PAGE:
Things Fall Apart: Teaching through the Novel. Author: EdSitement.

This lesson plan provides activities to help students understand the novel better through these activities: Mapping the Changing Face of Africa, Telling One's Own Story: Differing Perspectives, and Revising History through Writing.  Major focuses of these lesson are to have students compare/contrast history represented in literature vs. history represented in historical accounts as well as how an author's perspective affects his or her writing. This lesson plan can be used to help students analyze Chinua Achebe's Things Fall Apart, usually taught in 10th grade.  This lesson contains various links to websites and resources within the resource itself, including maps and essays, all of which can be used to increase the level of understanding of this novel.

Standards & Objectives

Academic standards
CLE 3002.8.1
Demonstrate knowledge of significant works of world literature.
CLE 3002.8.3
Recognize the conventions of various literary genres and understand how these conventions articulate the writers vision.
CLE 3002.8.4
Analyze works of literature for what is suggested about the historical period in which they were written.
Alignment of this item to academic standards is based on recommendations from content creators, resource curators, and visitors to this website. It is the responsibility of each educator to verify that the materials are appropriate for your content area, aligned to current academic standards, and will be beneficial to your specific students.
Learning objectives: 
  • Become familiar with some African literature and literary traditions
  • Become familiar with elements of African and Nigerian culture
  • See how historical events are represented in fiction Be able to differentiate between historical accounts and fictionalized accounts of history
  • Understand narrative perspective as culturally-positioned (Afrocentric versus Eurocentric perspectives)
Essential and guiding questions:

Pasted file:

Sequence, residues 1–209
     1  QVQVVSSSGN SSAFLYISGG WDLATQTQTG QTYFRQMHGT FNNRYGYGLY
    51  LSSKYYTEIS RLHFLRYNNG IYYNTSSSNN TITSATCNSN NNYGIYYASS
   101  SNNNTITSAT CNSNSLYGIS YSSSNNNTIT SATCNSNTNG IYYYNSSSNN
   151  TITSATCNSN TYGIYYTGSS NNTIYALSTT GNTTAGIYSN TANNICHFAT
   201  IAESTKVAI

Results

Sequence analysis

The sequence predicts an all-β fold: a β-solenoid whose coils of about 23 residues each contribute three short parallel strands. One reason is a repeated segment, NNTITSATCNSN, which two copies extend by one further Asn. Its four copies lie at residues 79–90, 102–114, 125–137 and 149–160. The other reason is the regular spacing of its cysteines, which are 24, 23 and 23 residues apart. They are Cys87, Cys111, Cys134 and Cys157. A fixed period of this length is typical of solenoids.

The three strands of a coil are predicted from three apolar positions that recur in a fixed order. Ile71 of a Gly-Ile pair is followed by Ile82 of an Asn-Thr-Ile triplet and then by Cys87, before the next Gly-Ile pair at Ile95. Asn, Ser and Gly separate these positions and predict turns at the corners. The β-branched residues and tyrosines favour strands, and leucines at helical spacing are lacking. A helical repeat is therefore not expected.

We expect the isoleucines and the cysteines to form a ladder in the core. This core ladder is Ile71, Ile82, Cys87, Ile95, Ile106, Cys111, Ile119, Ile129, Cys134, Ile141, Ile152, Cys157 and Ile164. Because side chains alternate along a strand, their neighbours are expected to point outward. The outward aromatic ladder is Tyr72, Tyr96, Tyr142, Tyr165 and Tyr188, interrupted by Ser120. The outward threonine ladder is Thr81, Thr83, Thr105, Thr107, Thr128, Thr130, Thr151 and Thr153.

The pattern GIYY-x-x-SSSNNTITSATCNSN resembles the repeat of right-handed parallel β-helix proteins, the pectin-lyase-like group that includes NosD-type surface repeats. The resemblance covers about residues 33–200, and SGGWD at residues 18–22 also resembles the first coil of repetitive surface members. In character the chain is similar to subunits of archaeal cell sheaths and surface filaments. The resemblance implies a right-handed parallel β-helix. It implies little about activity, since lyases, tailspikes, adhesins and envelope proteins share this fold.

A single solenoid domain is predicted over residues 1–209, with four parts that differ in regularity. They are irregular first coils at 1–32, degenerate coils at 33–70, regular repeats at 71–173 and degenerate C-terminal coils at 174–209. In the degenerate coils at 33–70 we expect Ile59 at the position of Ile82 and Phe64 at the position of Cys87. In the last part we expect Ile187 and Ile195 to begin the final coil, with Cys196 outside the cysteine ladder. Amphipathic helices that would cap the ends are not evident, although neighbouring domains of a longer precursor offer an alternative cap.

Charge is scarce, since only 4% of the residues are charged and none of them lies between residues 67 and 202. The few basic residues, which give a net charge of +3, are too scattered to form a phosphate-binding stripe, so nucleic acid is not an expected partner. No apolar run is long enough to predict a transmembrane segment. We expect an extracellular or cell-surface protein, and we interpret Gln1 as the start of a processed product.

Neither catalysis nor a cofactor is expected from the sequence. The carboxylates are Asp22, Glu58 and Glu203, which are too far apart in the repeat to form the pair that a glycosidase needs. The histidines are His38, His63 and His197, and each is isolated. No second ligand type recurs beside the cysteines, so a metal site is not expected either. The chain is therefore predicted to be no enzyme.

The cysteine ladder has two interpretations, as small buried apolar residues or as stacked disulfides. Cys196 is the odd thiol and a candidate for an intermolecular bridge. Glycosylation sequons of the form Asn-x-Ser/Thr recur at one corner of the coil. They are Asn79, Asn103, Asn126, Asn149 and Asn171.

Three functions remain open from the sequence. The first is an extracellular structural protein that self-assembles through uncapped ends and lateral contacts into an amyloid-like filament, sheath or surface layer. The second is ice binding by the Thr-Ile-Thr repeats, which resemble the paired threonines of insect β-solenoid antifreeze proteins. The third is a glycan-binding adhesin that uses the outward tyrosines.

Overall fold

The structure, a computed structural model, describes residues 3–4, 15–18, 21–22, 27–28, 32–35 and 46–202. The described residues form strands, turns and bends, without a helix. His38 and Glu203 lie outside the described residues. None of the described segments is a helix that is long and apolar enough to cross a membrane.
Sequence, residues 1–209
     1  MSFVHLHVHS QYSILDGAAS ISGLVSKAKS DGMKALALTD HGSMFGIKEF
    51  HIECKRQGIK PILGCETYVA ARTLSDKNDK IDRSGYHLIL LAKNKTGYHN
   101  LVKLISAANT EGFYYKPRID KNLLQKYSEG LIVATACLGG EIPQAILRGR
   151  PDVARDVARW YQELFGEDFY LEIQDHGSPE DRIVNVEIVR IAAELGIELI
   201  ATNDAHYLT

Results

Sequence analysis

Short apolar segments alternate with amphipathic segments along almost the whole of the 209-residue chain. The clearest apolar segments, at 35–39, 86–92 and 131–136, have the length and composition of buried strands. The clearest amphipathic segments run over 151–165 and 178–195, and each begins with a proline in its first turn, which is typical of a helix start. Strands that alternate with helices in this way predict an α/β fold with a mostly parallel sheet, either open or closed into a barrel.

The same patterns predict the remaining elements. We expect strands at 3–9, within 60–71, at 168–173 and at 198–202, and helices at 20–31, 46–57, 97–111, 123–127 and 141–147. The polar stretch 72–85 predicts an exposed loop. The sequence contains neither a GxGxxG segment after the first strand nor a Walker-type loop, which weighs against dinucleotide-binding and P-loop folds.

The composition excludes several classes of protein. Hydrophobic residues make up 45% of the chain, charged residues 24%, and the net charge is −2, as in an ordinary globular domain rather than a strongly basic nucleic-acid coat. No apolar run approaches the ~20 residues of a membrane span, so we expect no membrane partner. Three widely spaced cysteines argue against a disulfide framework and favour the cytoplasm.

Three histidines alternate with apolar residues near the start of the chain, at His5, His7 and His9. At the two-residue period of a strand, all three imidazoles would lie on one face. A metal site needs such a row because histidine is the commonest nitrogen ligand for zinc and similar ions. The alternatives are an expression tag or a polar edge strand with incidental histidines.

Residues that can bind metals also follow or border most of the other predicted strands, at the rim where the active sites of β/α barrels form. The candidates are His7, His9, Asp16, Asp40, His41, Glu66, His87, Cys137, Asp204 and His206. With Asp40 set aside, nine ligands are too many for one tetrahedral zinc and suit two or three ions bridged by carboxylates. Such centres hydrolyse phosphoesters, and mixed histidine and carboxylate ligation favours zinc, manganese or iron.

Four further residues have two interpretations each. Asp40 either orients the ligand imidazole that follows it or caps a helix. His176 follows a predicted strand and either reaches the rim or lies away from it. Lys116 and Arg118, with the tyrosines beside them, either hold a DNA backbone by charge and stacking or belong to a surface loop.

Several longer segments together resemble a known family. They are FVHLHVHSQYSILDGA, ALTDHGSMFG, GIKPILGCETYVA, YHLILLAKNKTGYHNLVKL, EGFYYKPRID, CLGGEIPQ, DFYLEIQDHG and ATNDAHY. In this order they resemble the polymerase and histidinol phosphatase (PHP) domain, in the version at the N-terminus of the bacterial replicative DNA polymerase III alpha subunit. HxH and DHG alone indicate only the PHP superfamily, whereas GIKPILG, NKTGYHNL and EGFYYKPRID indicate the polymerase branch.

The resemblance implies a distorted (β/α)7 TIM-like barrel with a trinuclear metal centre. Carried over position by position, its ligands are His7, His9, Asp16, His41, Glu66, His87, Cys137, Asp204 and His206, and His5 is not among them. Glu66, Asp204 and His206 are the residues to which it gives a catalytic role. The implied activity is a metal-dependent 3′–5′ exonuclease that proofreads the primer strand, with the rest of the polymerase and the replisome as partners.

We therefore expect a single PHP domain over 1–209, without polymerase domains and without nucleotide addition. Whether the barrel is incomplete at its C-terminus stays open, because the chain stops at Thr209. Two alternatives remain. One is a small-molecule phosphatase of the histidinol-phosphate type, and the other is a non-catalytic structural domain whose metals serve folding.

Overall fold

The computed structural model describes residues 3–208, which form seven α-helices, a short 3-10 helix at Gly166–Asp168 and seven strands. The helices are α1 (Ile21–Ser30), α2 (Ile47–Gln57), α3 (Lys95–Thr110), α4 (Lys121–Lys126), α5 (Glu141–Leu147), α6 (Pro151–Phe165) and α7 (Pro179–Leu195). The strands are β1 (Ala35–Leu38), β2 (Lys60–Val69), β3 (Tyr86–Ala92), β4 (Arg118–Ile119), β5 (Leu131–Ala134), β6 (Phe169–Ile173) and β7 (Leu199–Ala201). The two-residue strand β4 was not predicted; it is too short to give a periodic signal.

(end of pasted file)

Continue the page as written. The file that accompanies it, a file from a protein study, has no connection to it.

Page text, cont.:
• How does Achebe see the role of the writer/storyteller? In what ways does he use fiction as a means of expressing and commenting on history?
  • To what extent is Things Fall Apart successful in communicating an alternative narrative to the dominant Western history of missionaries in Africa and other colonized societies?

Lesson Variations

Blooms taxonomy level: 
Extension suggestions: 
  • Debate the aims and outcomes of writing in African languages versus colonizers' languages.
  • To extend the notion of rewriting history from previously excluded points of view, have students analyze the way Achebe represents women in Igbo society within Things Fall Apart, and ask them to and write a paper discussing women's roles and status in the novel.
  • An interesting comparison to the women in Things Fall Apart read the essay by John N. Oriji, "Igbo Women from 1929-1960" in West Africa Review1 (2000), and write a paper comparing the role of women in the novel and the historical role that Igbo women played in the Aba Women's Revolt in Nigeria during colonialism.
  • Have students complete an at-home project or an in-class essay on The Role of the Writer in Society. In addition to publishing many novels chronicling the history of colonial and post-colonial Nigeria through the lives of fictional protagonists and their communities, Chinua Achebe has spoken out and written several essays on the role of the writer/storyteller within his or her society.
  • Write on the board or distribute to the class the following quotes that Achebe uses to describe his mission as a writer: "Here is an adequate revolution for me to espouse – to help my society regain belief in itself and to put away the complexes of the years of denigration and self-abasement. And it is essentially a question of education, in the best sense of that word. Here, I think, my aims and the deepest aspirations of society meet" (Quoted by George P. Landow in "Achebe's Fiction and Contemporary Nigerian Politics", available through the EDSITEment-reviewed resource Internet Public Library). "The writer's duty is to help them regain it [dignity] by showing them in human terms what happened to them, what they lost.
  • There is a saying in Ibo that a man who can't tell where the rain began to beat him cannot know where he dried his body. The writer can tell the people where the rain began to beat them. After all the novelist's duty is not to beat this morning's headline in topicality, it is to explore in depth the human condition. In Africa he cannot perform this task unless he has a proper sense of history" ("The Role of the Writer in a New Nation"). Have the class discuss what these statements say about Achebe's view of the role of the writer/storyteller in society. As a final project, ask students to write an essay that analyzes the ways in which Achebe fulfills his role as a writer according to his definition through Things Fall Apart. For additional information, see the essays "Africa and Her Writers" and "The Novelist as Teacher" in Chinua Achebe's Morning Yet on Creation Day: Essays. New York: Doubleday, 1975.
  • An alternate assignment would be a comparison of Achebe's views on the role of the writer with those of the Nigerian writer Wole Soyinka in his Interview on writing, role of writer, and political activism, available through the EDSITEment-reviewed resource Conversations with History.